Posts Tagged ‘Nikon’

Focus Breathing With Some Nikon Telephotos

Nikon’s series of 70-200mm lenses are fun, sturdy devices, with an extremely crisp telephoto range, all the way down into portrait territory. Making an optic that spans such a range is no easy task; compromises have to be made if one device is to accomplish so much. Out of this fact comes an adverse effect known as focus breathing, which means that a lens’ focal length has a dependence on the distance from its subject. In other words, the closer you get to an object, the shorter the effective focal length of the lens becomes.

Its Affect on Us

To be explicit, here’s how focus breathing works. Let’s go out for the day to a rolling park, where we find ourselves in the middle of a large field, under a gazebo with plenty to stare at. You set everything up on your tripod and decide that today is a day to use your 70-200mm f/2.8. As you start taking some pictures of the tree-line in the distance, there are no problems. But suppose you now pointed your camera towards a bench in the gazebo, still set to your 200mm focal length. Now that we’re using our telephoto range in close proximity, the effective focal length of the lens has decreased. Moving your tripod closer to the bench will amplify this effect, and it is the result of long focal lengths not really being meant for short range use.

A Comment on the Severity

On the f/2.8 specifically, focus breathing is such an issue that at a distance of 3 feet, the focal length is about 60% of its nominal value, a huge difference! The easy remedy for this though is that wider focal lengths do not exhibit this same problem. Obviously, it makes no sense to have close up shots of the gazebo’s construction without making full use of the lens’ focal range. The existence of this on a lens, even excessively so, isn’t much to worry about as it can be worked around. Those looking for peace of mind, however, will be happy to know that Nikon’s new 70-200mm f/4 ED VR AF-S exhibits almost no breathing.

Something to keep in mind about focus breathing is that it is not as enormous of an issue as it seems in the abstract. In all practicality, if you own a 200mm telephoto lens, then you will want to use it for distance photography. Having the ability to swap between that and the normal 70mm range means great versatility, and the good news is that most lenses only breathe at the long end of their spectrum. The wide end does not exhibit nearly as much of this effect, and likewise, the wide end is what you would opt to use for closer subjects anyhow. It isn’t a deal-breaker in any case, merely something to be aware of.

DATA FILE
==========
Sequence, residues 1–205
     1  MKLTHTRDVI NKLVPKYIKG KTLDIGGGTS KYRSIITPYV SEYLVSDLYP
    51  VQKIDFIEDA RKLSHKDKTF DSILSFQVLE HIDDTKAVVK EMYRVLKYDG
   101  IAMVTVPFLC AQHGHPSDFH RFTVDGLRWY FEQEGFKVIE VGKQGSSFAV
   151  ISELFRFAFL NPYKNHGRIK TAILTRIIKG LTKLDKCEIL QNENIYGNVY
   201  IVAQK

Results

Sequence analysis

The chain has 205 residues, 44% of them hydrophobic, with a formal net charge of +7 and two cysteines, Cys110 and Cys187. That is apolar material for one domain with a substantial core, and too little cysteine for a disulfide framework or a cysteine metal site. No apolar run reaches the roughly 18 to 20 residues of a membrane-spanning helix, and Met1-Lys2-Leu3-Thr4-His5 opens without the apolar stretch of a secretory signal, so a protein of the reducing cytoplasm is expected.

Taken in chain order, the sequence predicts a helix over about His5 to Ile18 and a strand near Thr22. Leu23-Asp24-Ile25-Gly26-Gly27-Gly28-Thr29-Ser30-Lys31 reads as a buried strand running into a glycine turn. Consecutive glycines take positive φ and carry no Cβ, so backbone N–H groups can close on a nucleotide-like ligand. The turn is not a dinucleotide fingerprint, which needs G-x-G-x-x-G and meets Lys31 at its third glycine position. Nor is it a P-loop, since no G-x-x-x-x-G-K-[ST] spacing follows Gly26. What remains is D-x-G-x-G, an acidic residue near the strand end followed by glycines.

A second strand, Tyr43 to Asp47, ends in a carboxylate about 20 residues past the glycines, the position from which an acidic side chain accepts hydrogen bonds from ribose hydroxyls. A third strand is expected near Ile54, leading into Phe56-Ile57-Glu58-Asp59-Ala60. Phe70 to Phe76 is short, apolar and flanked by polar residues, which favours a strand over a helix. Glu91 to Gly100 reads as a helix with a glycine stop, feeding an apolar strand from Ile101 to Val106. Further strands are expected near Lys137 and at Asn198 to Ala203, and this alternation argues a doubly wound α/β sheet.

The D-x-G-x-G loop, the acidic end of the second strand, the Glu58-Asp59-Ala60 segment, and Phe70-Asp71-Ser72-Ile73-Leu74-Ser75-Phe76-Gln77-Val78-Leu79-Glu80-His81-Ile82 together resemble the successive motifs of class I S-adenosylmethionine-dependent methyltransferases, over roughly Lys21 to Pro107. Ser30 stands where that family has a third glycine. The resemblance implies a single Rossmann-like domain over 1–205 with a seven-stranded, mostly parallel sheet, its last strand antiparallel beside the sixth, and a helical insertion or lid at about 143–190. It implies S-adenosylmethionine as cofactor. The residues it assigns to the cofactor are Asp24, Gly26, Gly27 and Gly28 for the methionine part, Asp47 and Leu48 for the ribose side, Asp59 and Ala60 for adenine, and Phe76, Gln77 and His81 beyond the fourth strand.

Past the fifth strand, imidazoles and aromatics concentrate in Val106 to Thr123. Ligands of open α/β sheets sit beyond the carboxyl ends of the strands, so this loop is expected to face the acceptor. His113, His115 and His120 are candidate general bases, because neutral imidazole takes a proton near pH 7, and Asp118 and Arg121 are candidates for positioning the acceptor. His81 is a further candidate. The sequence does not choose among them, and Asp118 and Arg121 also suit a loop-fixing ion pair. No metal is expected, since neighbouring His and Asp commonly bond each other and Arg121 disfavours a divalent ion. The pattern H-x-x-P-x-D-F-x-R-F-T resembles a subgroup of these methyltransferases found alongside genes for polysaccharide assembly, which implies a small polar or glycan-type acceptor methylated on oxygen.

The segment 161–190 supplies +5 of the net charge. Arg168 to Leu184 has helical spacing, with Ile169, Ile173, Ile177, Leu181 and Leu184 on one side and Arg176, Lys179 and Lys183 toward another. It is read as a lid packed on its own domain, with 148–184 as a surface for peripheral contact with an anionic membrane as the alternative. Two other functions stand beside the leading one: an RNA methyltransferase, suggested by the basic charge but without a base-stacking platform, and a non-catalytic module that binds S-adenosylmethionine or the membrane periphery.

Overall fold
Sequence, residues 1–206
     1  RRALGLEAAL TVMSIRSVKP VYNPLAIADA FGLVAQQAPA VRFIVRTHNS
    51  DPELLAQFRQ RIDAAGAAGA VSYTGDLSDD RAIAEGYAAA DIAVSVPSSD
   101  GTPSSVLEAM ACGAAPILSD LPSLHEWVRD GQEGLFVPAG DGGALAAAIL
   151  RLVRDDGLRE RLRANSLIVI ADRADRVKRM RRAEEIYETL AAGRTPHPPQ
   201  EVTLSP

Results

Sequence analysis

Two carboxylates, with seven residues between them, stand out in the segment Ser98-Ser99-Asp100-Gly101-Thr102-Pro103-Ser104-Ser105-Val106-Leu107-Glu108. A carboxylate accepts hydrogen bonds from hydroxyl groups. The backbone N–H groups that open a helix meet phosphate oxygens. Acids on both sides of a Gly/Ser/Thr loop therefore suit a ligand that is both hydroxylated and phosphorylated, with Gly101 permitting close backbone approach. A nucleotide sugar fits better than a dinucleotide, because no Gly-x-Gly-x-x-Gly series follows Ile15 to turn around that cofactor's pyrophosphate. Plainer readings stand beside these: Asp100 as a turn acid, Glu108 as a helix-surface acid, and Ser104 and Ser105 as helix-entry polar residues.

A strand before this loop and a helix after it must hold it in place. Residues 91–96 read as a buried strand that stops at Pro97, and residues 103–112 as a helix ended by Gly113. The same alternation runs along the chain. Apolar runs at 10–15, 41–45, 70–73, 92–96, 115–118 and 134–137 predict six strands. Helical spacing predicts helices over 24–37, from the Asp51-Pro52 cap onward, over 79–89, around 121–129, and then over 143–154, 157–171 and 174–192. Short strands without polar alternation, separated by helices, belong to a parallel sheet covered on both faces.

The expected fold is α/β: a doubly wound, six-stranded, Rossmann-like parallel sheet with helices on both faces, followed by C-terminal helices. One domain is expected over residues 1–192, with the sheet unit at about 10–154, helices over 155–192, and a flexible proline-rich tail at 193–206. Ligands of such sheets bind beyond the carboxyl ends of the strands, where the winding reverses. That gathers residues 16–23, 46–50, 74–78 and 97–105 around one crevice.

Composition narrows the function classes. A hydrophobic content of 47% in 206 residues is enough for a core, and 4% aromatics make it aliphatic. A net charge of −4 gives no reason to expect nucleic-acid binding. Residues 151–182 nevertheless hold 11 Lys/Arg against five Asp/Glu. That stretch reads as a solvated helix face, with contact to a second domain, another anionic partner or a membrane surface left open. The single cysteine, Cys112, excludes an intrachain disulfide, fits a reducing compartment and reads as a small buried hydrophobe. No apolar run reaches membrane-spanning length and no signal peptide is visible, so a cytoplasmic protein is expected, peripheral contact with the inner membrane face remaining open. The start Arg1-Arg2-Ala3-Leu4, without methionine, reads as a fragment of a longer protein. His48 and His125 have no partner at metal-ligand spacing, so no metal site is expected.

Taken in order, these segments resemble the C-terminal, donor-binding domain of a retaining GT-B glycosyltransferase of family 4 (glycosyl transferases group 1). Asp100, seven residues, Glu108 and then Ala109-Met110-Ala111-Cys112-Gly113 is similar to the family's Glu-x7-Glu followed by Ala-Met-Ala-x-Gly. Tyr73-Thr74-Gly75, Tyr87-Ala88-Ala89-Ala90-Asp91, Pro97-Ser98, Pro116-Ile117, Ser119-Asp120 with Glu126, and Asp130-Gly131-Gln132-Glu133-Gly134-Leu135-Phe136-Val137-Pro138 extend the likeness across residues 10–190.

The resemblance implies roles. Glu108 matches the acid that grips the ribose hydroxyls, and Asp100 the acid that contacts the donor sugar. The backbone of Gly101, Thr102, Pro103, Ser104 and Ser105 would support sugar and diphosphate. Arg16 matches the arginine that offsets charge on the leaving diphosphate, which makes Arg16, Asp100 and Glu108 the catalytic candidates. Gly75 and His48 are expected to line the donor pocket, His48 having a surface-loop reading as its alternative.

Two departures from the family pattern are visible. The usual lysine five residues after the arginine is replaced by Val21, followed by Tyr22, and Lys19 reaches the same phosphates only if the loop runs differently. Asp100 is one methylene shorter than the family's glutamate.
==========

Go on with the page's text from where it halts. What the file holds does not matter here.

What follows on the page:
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Bill Green is an engineering student and freelancer for where you can read an in-depth review of the Nikon 70-200 lens and hundreds of camera and lens reviews.

Nikon D800 On The Way

The options for the use of video and photography expanding more rapidly than ever. From private video sharing to viral marketing campaigns and social media tie-ins, freelance videographers have more options than ever to share their work, build their own brands, and create their own companies. Simply owning a quality camera in this day and age opens up a variety of options both for work and recreation.

A slate of extraordinary cameras have hit the market in the last few years, including the Nikon D700, the Canon EOS Rebel T3i, the Olympus PEN E-PL3, and the Sony Cyber-shot DSC-HX9V. Video cameras have been upgrading as well, with the likes of the Sony VX-1000, the Panasonic DVX-100b, the Canon 5D Mkii, and the Red. With the trend of digital cameras offering both supreme still and moving image capability, we’ve entered a new generation of consolidated all-in-one gadgets. This trend does not appear to be dying down.

Nikon appears poised to attempt to lead this generation as anticipation over its new D800 camera continues to grow ahead of the rumored February 7th release. With the discontinuation of the D700 and the D300 (which came as somewhat of a surprise) digital SLR cameras, Nikon appears ready to embrace the upgrade of one of its most popular cameras. The buzz over this camera centers around its shooting in 36 megapixels, which of course is in addition to Nikon’s Expeed 3 image processor. Additional specs for the camera include shooting 1080p video at 20 fps, an enhanced LCD display, and integration with SD and CF cards.

The Nikon D800, in addition to its 36 megapixels and excellent video quality, will also sport face recognition technology, the ability to support PCM sound devices, 86k pixel RGB sensor, uncompressed HDMI, and full viewfinder coverage. It will have the same ISO features as the D700, which includes a range of 100-6400, which can be expanded up to 50 to 25,600. Of course, the camera will cost $4,000, so its immediate widespread adoption during a time of tough economic conditions is no certainty.

Analysts expect the product to be officially announced at the CP+ Photography Show in Japan, by which time there could be other announcements pending regarding the new waterproof, shockproof Coolpix cameras for kids. Nikon seems intent in diversifying its output for multiple markets and appealing to different demographics of consumers, from professional and freelance photographers and videographers to amateurs and children looking to document their wild times.

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